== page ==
[0072] The uniformity of light on the PV cell is determined by the perforation pattern in the low index film. Fig. 2OA & 2OB shows low index films 2116 with perforation holes 2120 in two configurations. As will be understood by a skilled worker, the optimal mask configuration can be worked out using a computer optimization routine. It is possible to make masks that provide for fully uniform light on the PV cell, which enhances performance. The perforated film is what allows the light-guide to be leaky; it allows some light to escape which allowing other light to continue inside the light-guide. In this way, the concentration on the cell can be controlled and large cells can be employed at medium concentration levels.

[0073] Fig. 21 A shows a cut away three-dimensional view including a heat sink 2140. The heat sink sits under the PV cell 2102. The PV cell is encapsulated under a sheet of glass sheet 2104, with the low index film 2116 on top of that and the deflecting layer 2113 and light-guide layer 2114 on top of that. The deflecting layer is bonded to the light-guide layer at the flange 2142 of the optics.

[0074] The heat sink configuration shown in Fig. 21 A could be used in conjunction with the panels shown in Figs. 18A & 18B. Alternatively, the aluminum heat sink could be extruded and longer than a single and serve as a support for the module in the manner shown in Fig 2 IB.

[0075] The glass sheet does not need to extend the full width of the light-guide layer; it only needs to cover the cell. This is shown in Fig. 22. The glass sheet 2104 is smaller than the light-guide layer 2114 and only just covers the cell 2102. The perforated low index film 2116 is only needed in the area between the PV cell and the light-guide layer.

[0076] For greater clarity, the holes 2120 in the low index film 2116 must be filled with a material whose index is greater than the index of the low index film. This material inside the holes must be optically bonded to the light-guide layer and the glass sheet in order to provide an optical path from the light-guide to the glass sheet and make the light-guide leak.

[0077] In place of a low index film, air, which has an index of refraction of

1.0, could also be used. In this case, steps would need to be taken in order to ensure that the air gap between then light-guide layer and the glass substrate did not collapse. Figs. 23A-23C show some examples of this. Fig. 23 A shows how an optical path can be made between the light -guide layer 2114 and the glass 2104 if there are dimples 2146 on the bottom of the light-guide layer. These dimples make contact with and are optically bonded to the glass 2104, and they preserve an air gap 2148. This creates exactly the same leaky light-guide layer as a perforated low index film, with the dimples acting as the holes in the film and the air acting as the film itself. The dimples would be patterned on the bottom of the light-guide layer above the cell in the same pattern that the perforations in the low index film would be.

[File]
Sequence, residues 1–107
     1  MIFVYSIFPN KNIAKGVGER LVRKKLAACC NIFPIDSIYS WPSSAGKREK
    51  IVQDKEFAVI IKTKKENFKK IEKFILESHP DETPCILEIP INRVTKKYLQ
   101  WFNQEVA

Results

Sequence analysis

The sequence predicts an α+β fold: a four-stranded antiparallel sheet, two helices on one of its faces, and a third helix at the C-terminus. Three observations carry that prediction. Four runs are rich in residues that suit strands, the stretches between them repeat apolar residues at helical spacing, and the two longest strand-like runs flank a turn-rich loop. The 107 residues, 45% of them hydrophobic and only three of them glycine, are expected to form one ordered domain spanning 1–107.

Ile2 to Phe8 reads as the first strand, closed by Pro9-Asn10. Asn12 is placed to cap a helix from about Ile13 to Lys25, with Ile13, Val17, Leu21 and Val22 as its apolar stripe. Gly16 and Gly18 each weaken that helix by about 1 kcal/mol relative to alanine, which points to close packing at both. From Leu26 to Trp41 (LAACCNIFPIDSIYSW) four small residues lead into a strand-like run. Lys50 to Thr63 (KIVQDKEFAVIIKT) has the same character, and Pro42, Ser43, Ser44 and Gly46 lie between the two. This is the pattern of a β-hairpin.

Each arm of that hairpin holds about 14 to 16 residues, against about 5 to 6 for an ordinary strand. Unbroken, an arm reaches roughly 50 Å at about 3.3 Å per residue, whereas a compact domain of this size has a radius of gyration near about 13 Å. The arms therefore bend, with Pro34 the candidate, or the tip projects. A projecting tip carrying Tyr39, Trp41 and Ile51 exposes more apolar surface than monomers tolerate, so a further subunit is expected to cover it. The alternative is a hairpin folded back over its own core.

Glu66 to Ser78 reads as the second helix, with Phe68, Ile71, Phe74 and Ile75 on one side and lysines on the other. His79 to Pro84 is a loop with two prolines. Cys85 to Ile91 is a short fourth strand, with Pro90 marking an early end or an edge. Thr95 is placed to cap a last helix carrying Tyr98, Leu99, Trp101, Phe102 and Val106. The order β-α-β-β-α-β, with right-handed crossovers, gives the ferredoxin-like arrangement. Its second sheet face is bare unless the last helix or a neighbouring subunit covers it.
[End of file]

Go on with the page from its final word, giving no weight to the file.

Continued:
[0078] Alternately, as shown in Fig. 23B & 23C a film 2150 whose index is close to the index of PMMA and the glass sheet could be perforated and placed in between the light-guide layer 2114 and the glass sheet 2104. The air 2148 in the holes would be left in place. The film would be optically bonded to the glass sheet and the light-guide layer, and act as an optical conduit from the light-guide layer to the glass sheet allowing for the leaky light-guide. Rays striking the bottom fact 2152 of the light-guide layer above where a hole is present would see a PMMA to air interface and would totally internally reflect.

[0079] Another way to do medium concentration is shown in Fig. 24. An air gap or low index gap 2154 is between the light-guide layer 2114 and the glass cover sheet 2104. This allows light in the light-guide layer to totally internally reflect 2156. A curved surface 2158 is used to reflect the light in the light-guide layer down towards the PV cell. The curved surface spreads the light towards the PV cell 2102. An optical bond 2160 is between the light-guide layer 2114 and the glass cover sheet 2104 so that light can pass from the light-guide layer through the glass cover sheet to the PV cell 2102.

[0080] Fig. 25A & 25B show another variant on the design from Fig. 24. The top facets 2160 (shown at Fig. 24) of the light-guide layer 2114 and the bottom facets 2162 can have a slight convergence as shown by the angle 2164. As will be understood by the skilled worker, this slight convergence causes the light rays traveling in the light-guide layer to increase in angle of incidence 2166 slightly with each reflection. This can eventually lead to light escaping the light-guide layer. This was described in Fig. 6 to show that the light will eventually escape due to increased angle of incidence. However, provided that the increase in angle of incidence is done in a controlled manner it can be used to increase the angle of incidence of light without causing that light to escape, and this can encourage light to strike the PV cell towards its outside edge. This is a good thing to do for medium concentration levels as defined in Fig. 16.

[0081] Fig. 26 shows another embodiment of a medium concentration light- guide solar panel where the light-guide layer's bottom face 2170 is not in contact with the glass sheet 2104 but instead is sloped leaving a substantial air gap 2172 between the light-guide layer and the glass cover sheet. A sealant of some sort 2174 would be employed at the edges of the light-guide layer to prevent the light-guide layer from coming off the glass and in order to prevent dirt and other contaminants from entering the gap.